Video rental shop

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A display case of DVDs in a Blockbuster video rental store.

A video rental shop/store is a physical retail business that rents home videos such as movies, prerecorded TV shows, video game discs and other content. Typically, a rental shop conducts business with customers under conditions and terms agreed upon in a rental agreement or contract, which may be implied, explicit, or written. Many video rental stores also sell previously-viewed movies and/or new, lots of unopened movies.

In the 1980s, video rental stores rented VHS and Beta tapes of movies, although most stores dropped Beta tapes when VHS won the format war late in the decade. In the early 2000s, video rental stores began renting DVDs, a digital format with higher resolution than VHS; DVDs eventually replaced videocassettes.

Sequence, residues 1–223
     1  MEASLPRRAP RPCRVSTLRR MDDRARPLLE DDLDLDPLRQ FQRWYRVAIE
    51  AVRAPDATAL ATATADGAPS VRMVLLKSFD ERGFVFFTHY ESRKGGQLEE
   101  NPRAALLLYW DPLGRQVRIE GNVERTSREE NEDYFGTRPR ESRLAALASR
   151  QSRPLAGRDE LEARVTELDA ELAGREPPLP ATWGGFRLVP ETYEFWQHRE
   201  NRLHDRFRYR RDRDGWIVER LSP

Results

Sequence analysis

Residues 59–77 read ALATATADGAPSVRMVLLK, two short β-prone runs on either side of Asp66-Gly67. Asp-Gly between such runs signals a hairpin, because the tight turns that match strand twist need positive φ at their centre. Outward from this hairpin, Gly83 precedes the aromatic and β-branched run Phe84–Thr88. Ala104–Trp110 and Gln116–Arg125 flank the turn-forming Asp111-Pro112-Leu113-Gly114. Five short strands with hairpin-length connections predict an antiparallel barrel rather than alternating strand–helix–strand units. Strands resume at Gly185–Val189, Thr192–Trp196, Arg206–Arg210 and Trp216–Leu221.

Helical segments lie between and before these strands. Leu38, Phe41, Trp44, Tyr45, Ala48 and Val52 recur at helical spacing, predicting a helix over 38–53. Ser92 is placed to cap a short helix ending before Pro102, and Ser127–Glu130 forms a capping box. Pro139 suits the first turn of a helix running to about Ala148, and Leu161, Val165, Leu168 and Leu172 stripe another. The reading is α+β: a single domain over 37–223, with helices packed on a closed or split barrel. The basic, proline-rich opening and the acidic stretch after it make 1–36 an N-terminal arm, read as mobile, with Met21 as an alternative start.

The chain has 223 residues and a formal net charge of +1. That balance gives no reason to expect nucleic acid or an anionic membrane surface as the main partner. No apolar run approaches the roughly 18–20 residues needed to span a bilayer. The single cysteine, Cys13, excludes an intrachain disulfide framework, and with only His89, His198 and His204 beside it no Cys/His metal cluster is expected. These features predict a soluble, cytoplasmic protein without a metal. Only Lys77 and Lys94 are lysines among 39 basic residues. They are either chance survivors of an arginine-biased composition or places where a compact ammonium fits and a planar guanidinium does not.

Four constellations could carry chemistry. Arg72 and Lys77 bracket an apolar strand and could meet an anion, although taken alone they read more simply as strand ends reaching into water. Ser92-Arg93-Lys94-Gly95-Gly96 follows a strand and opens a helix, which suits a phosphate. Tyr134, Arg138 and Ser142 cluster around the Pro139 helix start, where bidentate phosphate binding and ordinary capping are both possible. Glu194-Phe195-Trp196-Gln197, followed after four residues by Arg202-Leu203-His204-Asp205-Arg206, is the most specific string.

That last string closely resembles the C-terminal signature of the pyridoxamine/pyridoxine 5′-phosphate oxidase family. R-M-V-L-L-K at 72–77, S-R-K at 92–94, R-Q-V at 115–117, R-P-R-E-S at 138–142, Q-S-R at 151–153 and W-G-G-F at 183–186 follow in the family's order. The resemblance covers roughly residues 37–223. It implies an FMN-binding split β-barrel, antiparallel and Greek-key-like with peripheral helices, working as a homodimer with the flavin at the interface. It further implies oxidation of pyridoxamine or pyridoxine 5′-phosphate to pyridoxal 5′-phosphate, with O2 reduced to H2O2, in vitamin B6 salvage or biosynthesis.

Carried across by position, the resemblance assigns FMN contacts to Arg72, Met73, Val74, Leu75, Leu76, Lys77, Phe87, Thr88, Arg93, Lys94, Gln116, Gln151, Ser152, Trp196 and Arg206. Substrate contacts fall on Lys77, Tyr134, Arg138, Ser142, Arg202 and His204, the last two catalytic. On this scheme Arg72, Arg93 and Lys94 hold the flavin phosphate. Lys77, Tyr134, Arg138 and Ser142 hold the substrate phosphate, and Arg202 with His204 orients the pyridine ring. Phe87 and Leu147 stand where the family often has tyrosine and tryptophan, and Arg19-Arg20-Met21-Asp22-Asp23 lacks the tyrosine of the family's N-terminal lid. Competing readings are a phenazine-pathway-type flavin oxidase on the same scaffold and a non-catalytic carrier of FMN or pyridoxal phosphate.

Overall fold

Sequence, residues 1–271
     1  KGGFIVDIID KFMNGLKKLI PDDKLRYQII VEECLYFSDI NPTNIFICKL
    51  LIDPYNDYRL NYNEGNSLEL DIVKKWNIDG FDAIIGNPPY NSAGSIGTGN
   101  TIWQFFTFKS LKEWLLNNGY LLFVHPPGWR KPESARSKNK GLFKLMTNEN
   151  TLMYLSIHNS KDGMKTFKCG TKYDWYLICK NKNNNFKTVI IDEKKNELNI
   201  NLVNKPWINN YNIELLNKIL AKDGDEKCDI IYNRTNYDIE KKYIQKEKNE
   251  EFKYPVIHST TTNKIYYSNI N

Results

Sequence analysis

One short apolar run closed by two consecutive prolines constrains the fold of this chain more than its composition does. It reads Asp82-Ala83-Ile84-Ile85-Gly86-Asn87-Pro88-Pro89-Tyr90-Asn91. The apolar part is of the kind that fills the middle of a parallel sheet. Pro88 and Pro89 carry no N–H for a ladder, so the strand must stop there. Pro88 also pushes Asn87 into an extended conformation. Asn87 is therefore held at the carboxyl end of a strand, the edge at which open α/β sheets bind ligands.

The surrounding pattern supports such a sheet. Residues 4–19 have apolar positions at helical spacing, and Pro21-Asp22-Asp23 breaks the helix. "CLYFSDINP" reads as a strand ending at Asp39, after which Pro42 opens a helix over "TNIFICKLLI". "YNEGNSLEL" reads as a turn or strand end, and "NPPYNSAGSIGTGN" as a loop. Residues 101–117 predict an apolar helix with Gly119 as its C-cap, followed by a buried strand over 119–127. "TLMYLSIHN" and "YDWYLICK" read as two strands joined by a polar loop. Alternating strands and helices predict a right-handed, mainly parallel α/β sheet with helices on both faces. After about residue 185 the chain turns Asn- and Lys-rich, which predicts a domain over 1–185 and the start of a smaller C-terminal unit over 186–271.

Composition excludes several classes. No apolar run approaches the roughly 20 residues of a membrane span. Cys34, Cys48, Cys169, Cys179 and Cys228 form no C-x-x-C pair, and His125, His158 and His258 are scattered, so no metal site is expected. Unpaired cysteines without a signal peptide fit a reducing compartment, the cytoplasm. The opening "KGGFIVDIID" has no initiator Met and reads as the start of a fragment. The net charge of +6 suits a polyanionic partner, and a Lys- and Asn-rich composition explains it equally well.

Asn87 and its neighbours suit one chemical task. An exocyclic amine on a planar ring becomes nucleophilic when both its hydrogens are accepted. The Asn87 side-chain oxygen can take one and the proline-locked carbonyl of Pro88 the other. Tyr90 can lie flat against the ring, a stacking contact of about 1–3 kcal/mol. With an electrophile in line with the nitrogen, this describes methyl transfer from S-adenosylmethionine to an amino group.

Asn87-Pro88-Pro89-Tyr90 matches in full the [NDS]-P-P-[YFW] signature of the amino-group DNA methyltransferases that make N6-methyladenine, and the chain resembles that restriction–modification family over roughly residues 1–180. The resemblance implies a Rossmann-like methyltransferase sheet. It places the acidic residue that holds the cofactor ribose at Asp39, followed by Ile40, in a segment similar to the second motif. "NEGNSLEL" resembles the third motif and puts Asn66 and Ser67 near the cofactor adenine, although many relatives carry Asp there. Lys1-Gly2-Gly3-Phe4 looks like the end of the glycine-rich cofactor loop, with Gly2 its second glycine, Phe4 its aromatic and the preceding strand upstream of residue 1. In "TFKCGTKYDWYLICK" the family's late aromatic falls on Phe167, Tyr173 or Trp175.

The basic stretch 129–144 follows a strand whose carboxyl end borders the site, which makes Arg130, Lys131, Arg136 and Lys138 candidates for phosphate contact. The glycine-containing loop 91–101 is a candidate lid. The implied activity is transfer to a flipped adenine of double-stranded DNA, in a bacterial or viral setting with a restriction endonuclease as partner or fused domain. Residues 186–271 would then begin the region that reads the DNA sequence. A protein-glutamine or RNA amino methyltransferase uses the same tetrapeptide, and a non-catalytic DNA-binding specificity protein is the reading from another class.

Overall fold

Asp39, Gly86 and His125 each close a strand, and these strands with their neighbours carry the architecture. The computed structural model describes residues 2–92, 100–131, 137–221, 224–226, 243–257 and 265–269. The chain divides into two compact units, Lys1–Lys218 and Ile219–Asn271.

The exterior of a video rental store in Berwyn, Illinois in the US.

History[edit]

The world's oldest business that rents out copies of movies for private use was opened by Eckhard Baum in Kassel, Germany in the summer of 1975. Baum collected movies on Super 8 film as a hobby and lent pieces of his collection to friends and acquaintances. Because they showed great interest in his films, he came up with the idea of renting out films as a sideline.[1] Over the years, videotapes and optical discs were added to the range. Baum still operates the business as of September 2015[2] and was portrayed in the June 2006 documentary film Eckis Welt by Olaf Saumer.[3]